- Be clear with goals and guidelines.
This is a must. I cannot tell you how many times I’ve wondered why I hadn’t received a report on a project that I had assigned only to find that I wasn’t as clear as I thought I had been on the deadline and process. You must communicate goals, guidelines and timelines in a way that is clear to your team. When you’re functioning within a virtual team, it’s easier to make assumptions so be diligent about clearly assigning tasks and requesting the type and frequency of status updates. We use Producteev to help manage to-do reporting and it has really helped our team with this challenge.
- Make the most of team gatherings and prohibit multi-tasking.
To help make the most of team time together, provide an agenda prior to the meeting and use video whenever possible to ensure everyone is engaged. To help train your team to keep from multi-tasking, ask that they close all projects and email before beginning the meeting.
- Look for ways to have fun and build camaraderie.
We do this through weekly team hangout time and daily touchpoints via video. We’ve danced on video together, too. One thing I think we could do a better job of is celebrating success, which I address in point 8.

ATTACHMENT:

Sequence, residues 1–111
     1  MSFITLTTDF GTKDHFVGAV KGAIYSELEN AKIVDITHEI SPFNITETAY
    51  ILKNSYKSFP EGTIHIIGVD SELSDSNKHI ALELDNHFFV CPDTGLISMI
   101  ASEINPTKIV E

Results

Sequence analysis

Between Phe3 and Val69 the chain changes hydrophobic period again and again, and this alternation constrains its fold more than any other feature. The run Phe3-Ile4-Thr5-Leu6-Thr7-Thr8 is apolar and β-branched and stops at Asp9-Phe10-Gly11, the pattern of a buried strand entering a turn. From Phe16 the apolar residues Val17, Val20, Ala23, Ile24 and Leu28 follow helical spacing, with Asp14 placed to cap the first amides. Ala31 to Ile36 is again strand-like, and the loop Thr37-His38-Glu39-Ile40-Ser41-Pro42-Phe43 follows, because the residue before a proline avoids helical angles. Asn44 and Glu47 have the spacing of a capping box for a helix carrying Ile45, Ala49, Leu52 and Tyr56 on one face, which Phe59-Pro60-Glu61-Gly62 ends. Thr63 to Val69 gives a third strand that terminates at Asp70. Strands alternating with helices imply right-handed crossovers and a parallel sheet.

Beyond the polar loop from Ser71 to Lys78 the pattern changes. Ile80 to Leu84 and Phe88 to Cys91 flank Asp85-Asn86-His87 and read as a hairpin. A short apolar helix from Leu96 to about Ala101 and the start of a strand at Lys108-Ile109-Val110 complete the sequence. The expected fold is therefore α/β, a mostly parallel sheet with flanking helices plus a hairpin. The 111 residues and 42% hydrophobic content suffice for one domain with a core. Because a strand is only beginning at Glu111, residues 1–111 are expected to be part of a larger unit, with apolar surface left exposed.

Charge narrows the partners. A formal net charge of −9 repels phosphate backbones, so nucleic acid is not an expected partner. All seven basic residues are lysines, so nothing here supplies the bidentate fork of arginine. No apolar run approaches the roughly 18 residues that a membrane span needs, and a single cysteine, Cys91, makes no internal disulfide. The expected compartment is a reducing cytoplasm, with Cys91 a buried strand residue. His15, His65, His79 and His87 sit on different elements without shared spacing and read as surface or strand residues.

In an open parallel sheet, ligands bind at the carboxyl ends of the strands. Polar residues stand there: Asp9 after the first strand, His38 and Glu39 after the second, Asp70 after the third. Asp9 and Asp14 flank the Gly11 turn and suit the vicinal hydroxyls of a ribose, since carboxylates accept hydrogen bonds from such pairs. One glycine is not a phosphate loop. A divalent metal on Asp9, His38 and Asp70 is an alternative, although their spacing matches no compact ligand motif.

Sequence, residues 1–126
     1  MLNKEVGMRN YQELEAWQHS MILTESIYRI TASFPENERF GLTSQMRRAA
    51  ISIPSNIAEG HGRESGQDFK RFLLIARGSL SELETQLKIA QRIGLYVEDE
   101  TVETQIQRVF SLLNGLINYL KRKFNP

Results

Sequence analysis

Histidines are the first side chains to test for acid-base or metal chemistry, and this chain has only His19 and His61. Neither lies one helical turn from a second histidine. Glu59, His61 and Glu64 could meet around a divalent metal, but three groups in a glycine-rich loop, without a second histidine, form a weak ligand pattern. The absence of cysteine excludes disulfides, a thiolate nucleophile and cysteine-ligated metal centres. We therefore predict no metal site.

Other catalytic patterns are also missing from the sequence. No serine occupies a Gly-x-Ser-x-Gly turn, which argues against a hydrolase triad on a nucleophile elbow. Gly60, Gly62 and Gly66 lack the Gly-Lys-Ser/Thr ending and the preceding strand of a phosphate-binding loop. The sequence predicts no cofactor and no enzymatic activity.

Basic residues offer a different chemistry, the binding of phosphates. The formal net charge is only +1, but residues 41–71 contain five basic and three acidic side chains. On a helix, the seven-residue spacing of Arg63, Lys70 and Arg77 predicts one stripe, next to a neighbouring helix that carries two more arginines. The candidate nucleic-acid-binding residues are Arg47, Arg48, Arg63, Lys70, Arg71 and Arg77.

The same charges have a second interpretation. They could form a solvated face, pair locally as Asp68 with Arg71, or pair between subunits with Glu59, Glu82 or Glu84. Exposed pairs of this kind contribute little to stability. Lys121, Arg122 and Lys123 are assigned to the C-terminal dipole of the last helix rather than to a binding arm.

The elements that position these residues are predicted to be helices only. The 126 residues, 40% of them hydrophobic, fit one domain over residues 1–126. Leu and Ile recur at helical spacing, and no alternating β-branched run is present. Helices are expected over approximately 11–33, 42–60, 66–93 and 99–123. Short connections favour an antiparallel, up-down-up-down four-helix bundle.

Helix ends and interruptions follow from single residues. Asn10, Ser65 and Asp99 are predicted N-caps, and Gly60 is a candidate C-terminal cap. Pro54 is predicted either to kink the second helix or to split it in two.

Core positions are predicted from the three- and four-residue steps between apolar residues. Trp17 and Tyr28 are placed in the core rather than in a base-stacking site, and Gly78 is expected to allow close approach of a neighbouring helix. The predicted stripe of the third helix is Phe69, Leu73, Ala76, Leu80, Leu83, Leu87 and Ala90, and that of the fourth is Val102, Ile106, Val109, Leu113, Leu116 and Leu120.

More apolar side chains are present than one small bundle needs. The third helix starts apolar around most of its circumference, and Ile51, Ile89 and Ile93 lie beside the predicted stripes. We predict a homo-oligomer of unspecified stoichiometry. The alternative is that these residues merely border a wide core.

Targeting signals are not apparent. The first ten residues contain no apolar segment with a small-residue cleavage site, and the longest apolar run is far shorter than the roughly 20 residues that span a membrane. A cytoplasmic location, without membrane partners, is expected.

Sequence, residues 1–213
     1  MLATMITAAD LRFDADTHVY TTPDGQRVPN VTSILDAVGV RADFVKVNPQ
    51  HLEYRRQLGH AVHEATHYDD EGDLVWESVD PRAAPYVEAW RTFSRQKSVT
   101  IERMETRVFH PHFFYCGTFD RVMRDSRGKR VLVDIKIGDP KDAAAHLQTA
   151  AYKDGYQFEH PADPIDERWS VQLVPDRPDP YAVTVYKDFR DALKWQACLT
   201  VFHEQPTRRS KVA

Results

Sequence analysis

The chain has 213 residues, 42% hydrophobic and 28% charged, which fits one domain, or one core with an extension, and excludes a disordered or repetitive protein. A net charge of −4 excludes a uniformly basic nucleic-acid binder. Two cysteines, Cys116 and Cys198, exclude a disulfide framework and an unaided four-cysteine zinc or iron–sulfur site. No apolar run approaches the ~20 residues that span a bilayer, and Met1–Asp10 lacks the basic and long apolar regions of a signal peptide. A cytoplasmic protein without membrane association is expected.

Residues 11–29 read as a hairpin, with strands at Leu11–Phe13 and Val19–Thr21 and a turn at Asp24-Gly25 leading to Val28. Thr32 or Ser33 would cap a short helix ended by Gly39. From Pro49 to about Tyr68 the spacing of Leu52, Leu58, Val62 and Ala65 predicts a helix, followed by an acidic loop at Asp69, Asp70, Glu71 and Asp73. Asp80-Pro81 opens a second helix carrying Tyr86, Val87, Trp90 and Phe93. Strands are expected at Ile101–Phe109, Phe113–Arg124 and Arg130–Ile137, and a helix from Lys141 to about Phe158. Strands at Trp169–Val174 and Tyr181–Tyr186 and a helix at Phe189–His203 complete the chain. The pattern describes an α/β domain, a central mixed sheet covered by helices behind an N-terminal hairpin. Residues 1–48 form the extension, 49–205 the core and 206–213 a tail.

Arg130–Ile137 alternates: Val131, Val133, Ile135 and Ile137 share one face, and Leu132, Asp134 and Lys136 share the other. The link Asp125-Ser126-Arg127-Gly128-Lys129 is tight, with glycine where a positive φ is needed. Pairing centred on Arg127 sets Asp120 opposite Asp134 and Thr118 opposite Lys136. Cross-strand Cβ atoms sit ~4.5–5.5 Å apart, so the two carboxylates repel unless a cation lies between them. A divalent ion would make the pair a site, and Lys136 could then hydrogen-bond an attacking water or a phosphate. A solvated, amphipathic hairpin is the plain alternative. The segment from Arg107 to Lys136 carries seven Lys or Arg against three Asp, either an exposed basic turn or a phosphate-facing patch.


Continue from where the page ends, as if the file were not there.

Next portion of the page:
- Get together IRL.
Last year I gathered everyone together for several days where we attended a conference, shared a workspace and did fun activities like touring Columbus on segways. This year the plan is to have two in-person times as a team. One will most likely be here in Columbus and the other will be a purely fun hangout most likely on the beach. Gathering together IRL (in real life) provides a great opportunity to share physical experiences and learn together beyond the virtual environment. This can really build trust and camaraderie within your virtual team.
- Celebrate milestones.
This is an area that I’m working to improve in 2015. I want to see us take time to not only acknowledge the small victories like completing a challenging project or securing national coverage for a client but also taking time to blare some music, get silly and celebrate the amazing things we’ve accomplished as a whole. Look for opportunities to celebrate big and small achievements. Stop the mayhem for a couple minutes, pull the team together on video and recognize the success.
- Make the most of technology by enlisting the right tools for your team.
We share a series every week called, Toolkit Tuesday. In it we share the tech and tools we are experimenting with as a team to make virtual life easier. When you’re managing a virtual team, you have to be willing to look for the best tools to streamline processes, manage projects and keep the lines of communication clear. We currently use virtual team tools: Basecamp, Convo and Producteev.
Overall, I think the tendency is to see virtual teams as being potentially less effective than in-person teams due to barriers of geography and in-person contact. Although virtual teams do present unique challenges and require different approaches to those of traditional teams, studies indicate that a well-managed virtual team can, in fact, outperform those that share office space.
Keep these points in mind as you look toward growing and building your virtual team in 2015 and tell me about your virtual team in the comments below.